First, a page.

So there sits your brand new (or newly purchased used) kart in your garage, just waiting for you to get it on the track. As a matter of interest, I just purchased a used kart so I will be doing the exact same things to my newly purchased kart that I am recommending to you. To make it easy, I will break this article down into three easy steps: Step 1 – Pre-Track Prep/Checklist, Step 2 – Basic Set-Up, Step 3 – At the Track.
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“Driving a go kart is the closest thing to driving an Indycar.”
Michael Schumacher, 7 time Formula 1 World Champion, and Buddy Rice, 2005 Indy 500 Winner, and at last year's SuperNationals.
You could put any number of famous IndyCar drivers’ names behind that quote. When I tested a shifter-kart during the 1996 Indy Lights off season, the first thought that went through my head was, “Wow, this feels only a fraction slower than my Lights car.” A couple of years ago, I asked 2005 Indy 500 winner and fellow karter Buddy Rice how he would compare driving today’s karts to driving a current IndyCar. His response was very telling, “since they keep slowing IndyCars down for safety reasons while we keep developing our karts and finding more speed, the two now feel identical to drive.” Need more testimonials, read Michael Schumacher’s comments on the Bondurant SuperKart School’s home page.
Awesome, you say, I’m sold, so how do I get involved?…
Although karts look simple, there’s more to it than meets the eye. Luckily, these deceptively high-tech machines offer the most affordable bang for the buck in the racing world! Great you say, but what kart should I buy? What do I look for in a kart shop? How do I know if a used kart is any good? How much other equipment do I need to buy and how much is that going to cost? These are all great questions and to help you answer them I have broken the kart buying process down into 4 Steps to make your entry into the sport as easy and gratifying as possible.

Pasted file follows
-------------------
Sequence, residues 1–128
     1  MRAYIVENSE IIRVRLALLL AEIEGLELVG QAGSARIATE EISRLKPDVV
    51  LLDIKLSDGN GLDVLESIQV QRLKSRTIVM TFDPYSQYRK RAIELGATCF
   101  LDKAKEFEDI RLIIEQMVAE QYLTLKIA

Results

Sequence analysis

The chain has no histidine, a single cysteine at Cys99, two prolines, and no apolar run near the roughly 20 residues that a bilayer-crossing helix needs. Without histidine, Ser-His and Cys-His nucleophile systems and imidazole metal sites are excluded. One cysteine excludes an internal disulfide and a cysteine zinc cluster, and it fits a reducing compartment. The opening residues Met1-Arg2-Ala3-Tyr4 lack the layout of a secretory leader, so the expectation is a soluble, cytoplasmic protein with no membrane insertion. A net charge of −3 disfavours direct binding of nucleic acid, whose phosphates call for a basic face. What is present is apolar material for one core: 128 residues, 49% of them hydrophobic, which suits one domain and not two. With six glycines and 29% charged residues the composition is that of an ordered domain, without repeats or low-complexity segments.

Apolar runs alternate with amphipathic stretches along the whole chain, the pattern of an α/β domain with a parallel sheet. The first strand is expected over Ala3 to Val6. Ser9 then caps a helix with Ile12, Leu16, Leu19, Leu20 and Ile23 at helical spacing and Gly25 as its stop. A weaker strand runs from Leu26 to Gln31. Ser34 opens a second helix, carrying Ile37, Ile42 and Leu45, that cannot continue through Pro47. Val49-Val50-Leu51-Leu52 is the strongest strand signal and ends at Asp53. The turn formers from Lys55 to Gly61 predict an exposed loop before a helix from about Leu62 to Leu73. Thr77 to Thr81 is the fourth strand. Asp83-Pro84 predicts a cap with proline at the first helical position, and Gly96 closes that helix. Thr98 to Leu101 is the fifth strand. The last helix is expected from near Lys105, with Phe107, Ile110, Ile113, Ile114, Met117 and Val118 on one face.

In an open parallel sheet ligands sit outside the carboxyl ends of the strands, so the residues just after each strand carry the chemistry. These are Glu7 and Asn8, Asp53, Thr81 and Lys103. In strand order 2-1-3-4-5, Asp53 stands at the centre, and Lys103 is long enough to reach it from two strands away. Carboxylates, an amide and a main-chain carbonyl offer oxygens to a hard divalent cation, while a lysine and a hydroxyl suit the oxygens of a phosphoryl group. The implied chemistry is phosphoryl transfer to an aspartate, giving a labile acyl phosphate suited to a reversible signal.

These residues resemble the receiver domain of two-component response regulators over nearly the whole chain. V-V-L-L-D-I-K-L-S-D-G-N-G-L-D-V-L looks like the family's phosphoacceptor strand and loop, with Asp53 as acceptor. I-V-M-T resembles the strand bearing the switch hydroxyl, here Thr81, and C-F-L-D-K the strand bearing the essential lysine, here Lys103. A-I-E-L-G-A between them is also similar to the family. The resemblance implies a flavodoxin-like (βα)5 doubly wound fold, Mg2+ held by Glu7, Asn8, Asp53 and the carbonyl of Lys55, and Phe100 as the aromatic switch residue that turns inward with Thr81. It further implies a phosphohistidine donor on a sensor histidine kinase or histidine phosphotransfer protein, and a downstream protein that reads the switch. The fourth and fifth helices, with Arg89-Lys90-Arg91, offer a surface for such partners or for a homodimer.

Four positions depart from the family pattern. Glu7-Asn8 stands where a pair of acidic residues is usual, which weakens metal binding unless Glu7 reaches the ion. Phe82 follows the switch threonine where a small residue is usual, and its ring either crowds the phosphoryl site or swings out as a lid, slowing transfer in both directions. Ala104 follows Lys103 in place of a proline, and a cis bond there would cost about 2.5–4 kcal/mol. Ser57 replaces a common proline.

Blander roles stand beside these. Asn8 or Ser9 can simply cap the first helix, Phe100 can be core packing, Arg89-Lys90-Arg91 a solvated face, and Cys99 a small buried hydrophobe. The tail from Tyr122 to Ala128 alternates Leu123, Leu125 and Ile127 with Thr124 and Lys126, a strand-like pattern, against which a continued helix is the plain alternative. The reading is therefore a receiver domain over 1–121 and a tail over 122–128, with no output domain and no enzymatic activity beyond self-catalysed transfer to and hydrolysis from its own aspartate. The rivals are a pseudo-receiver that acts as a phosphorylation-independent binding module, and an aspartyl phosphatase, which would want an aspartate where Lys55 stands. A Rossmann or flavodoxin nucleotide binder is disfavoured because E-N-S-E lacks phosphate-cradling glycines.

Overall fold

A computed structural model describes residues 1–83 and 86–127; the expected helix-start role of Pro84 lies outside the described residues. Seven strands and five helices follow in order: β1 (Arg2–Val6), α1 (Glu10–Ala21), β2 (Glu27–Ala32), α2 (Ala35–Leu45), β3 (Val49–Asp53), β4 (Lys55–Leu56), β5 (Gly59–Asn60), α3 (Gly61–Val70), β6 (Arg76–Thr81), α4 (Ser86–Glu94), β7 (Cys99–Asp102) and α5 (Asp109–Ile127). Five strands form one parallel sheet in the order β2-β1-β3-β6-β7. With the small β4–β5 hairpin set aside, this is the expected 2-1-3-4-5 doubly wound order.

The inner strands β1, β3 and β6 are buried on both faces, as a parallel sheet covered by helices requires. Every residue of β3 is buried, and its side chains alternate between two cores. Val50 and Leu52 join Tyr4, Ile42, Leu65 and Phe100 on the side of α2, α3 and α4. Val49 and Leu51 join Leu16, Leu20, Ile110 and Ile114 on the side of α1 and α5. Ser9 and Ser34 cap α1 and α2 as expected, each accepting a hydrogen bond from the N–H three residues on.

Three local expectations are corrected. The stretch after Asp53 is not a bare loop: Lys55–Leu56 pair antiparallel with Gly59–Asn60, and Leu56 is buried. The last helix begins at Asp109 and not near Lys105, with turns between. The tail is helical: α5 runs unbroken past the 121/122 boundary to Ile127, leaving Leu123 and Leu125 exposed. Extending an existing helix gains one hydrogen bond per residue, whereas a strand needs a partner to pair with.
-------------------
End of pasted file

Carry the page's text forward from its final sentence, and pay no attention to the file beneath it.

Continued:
But first, here are some general guidelines you should adhere to:
- Buy a chassis (new or used) that is carried by a local kart shop – this is will pay huge dividends when buying spare parts and when you need technical assistance from the shop owner.
- If you are just starting, consider a “one-make” (where everyone uses the same engine) or “sealed” engine class as this will flatten your learning curve. Try to choose a motor that can be serviced locally as well.
- Definitely buy a data acquisition/dash system that has a temperature gauge to reduce the risk of damaging or blowing a motor.
- Try not to buy anything that is more than 3 years old.
- I would try to avoid buying a used kart over the internet that you will not be able to evaluate personally beforehand.
To read more, click here to receive a FREE TRIAL ISSUE of FIRESTONEKARTINFO and learn how to:
- Pick what type of Kart to buy – Make and model is only the beginning, this article will give you tips on which class of kart to pick
- Evaluate a kart shop – there are differences so know what to look for
- Determine your budget – includes a printable Kart Budget Spreadsheet to help you
- Determine pricing
- Evaluate a used kart like a pro – includes a thorough 14 point inspection guide and Checklist to help determine if the kart is even worth buying and if so, negotiate the best price
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